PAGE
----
Hungry crabs, left unchecked by a lack of predators, are eating the cordgrass—and wreaking havoc—in coastal saltmarshes from Long Island to Cape Cod.
In one paper, published in PLOS ONE, researchers provide the results of numerous measurements at 14 sites around Rhode Island’s Narragansett Bay. They sought correlations between the extent of marsh death and evidence of any of several popular hypotheses. The winner by far was runaway herbivory of cordgrass by the Sesarma crab.
In the other study, published in Ecology Letters, they directly tested that hypothesis with experiments on Cape Cod. The results were that wherever they protected Sesarma from the pressure of predators, the crabs ruthlessly mowed the grasses down.
Both papers back up the explanation that Sesarma are ravaging the marshes because overfishing has reduced the predators that would naturally keep the crabs in check. Long-held beliefs that physical forces, rather than disrupted food webs, are killing the marshes just aren’t true, says Mark Bertness, professor of ecology and evolutionary biology at Brown University.
“These are very deeply embedded paradigms and dogma,” Bertness says. “But the conservation implications of this are enormous, so at some point in time people have to set that aside and look at this objectively.”
Salt, crabs, and mud
The team divided their time between Rhode Island and Cape Cod from May to August, often working from 3 a.m. into the early evening.
In Narragansett Bay they ran several tests during the summer at sites where die-off ranged from less than 5 percent to 98 percent. They determined the extent and progress of marsh death by examining aerial images of the sites from 1997, 2003, 2008, and 2012.
To gather data about whether tides were eroding the marshes away, the researchers made chalk blocks and placed them at each site so they could watch how quickly they dissolved. To determine whether local growing conditions were poor for the grasses, they planted healthy grass in each site and then protected it from all herbivores, including the crabs. To assess whether any site had too much nitrogen, they took leaves of the grasses at each site back to the lab, ground them up and analyzed their chemistry.
In the second week in July, they measured herbivory at each site by walking a 20-meter line at each site and then stopping every two meters to measure signs of crab damage on 100 cordgrass stalks.
Later in July they measured Sesarma populations (based on how many they could trap). In August they tethered crabs to make them more vulnerable to predators and measured how much predation there was.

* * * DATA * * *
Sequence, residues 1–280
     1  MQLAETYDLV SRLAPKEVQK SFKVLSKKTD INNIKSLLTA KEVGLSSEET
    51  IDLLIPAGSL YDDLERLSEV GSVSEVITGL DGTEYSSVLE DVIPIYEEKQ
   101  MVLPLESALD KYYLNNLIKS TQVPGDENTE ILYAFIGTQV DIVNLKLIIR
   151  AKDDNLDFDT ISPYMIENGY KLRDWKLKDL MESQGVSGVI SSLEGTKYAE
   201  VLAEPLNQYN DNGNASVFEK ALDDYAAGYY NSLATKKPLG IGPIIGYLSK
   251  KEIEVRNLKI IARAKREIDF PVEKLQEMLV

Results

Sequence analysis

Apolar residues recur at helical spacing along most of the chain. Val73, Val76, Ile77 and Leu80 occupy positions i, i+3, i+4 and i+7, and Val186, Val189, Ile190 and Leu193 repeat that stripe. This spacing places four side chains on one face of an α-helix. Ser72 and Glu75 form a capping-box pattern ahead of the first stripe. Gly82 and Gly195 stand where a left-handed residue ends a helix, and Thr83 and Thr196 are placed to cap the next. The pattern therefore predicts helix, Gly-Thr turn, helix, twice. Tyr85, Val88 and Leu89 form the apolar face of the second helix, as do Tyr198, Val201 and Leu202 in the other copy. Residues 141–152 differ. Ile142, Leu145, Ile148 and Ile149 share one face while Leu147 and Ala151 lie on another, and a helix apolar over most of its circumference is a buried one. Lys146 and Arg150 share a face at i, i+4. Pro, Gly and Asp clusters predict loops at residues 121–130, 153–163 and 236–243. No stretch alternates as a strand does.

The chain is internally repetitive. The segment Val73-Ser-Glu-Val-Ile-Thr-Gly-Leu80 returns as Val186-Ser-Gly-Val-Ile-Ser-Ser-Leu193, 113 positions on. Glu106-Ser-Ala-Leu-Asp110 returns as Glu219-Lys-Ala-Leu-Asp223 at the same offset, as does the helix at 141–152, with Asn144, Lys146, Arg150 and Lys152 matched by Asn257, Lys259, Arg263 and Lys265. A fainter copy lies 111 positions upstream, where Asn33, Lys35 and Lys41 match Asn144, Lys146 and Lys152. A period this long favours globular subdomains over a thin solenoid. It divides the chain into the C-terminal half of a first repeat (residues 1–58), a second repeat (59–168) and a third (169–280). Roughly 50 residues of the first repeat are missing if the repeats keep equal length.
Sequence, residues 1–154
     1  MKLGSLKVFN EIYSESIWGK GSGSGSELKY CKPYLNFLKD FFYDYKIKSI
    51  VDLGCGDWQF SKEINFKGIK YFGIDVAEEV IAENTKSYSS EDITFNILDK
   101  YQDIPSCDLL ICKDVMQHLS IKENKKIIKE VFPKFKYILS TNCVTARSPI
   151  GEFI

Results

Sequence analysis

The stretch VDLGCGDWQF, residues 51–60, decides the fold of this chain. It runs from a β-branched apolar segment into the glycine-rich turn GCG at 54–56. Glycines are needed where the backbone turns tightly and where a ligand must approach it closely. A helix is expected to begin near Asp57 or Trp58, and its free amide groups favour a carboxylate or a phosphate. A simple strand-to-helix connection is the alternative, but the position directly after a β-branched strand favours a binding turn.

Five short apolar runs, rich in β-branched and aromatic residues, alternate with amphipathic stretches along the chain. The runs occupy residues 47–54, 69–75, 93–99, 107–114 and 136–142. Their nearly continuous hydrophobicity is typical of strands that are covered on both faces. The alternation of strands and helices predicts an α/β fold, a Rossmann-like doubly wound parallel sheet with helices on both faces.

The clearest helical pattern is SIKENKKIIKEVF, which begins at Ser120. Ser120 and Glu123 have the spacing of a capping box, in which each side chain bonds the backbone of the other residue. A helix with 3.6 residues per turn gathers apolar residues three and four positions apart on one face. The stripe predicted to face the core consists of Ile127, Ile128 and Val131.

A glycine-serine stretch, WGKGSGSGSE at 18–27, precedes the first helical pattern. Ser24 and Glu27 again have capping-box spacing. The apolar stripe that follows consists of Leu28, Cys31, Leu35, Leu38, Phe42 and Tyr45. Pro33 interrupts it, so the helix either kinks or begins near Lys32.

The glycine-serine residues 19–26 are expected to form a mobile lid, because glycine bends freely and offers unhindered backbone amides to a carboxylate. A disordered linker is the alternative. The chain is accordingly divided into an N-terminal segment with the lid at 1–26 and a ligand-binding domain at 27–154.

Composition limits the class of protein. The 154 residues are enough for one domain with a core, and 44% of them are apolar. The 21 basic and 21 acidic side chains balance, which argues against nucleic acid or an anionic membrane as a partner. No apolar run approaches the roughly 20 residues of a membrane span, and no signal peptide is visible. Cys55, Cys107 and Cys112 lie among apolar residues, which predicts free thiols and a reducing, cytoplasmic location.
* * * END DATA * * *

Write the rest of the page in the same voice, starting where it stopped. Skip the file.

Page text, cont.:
They even measured how hard the marsh soil was at each site.
When fall came, they analyzed all the data. The number crunching revealed that differences in herbivory at each site explained 73 percent of the variation in die-off from at each site.
The only other significant factor was the hardness of the soil. Why would that matter? “Substrate hardness influences crab herbivory by limiting crab burrowing in hard and soft substrates, leading to a peak in herbivory in medium hardness substrates where burrows can be easily constructed and maintained,” they write in PLOS ONE.
Meanwhile on Cape Cod, the group did many of the same things (chalk blocks, nitrogen measurements, tests for growing conditions), but they also implemented a direct test of the Sesarma herbivory hypothesis. They erected cages on some plots that could protect the crabs from predators. As controls for the experiment they put cages on some patches that didn’t exclude predators and left other patches marked only with marker posts.
If the team was right about Sesarma herbivory thriving in the absence of predator threats, then the marsh should surely suffer much more in the plots where cages shielded the burrowing Sesarma crabs from all their above-ground foes.
Sure enough, the team reported in Ecology Letters that “excluding predators for a single growing season rapidly led to a more than 100-percent increase in Sesarma herbivory, a more than 60-percent decrease in aboveground cordgrass biomass, a more than 95-percent increase in Sesarma substrate disturbance, and a more than 150-percent increase in unvegetated bare space in comparison to control plots.”
There are still experiments the team would like to do to further understand the ecosystem dynamics that lead to the marsh die-off, but next summer the Bertness lab will also focus on determining what the marsh loss to excess herbivory could mean.
“We’re moving on as well in Narragansett Bay and in Cape Cod to look at sea level rise and die-off under the assumption that these are the mechanisms that are causing it,” says undergraduate coauthor Sinead Crotty. “Combining impacts that we should see in the future, what does die-off mean for the future of marshes?”
It’s a problem that, properly understood, must now be managed.
Bertness’ team also included lab manager Caitlin Brisson, senior Matt Bevil, and junior Elena Suglia. Brown alumnus Tyler Coverdale is a coauthor of the Ecology Letters paper.
The National Science Foundation and the Voss Environmental Fellowship Program supported the research in each paper.
Source: Brown University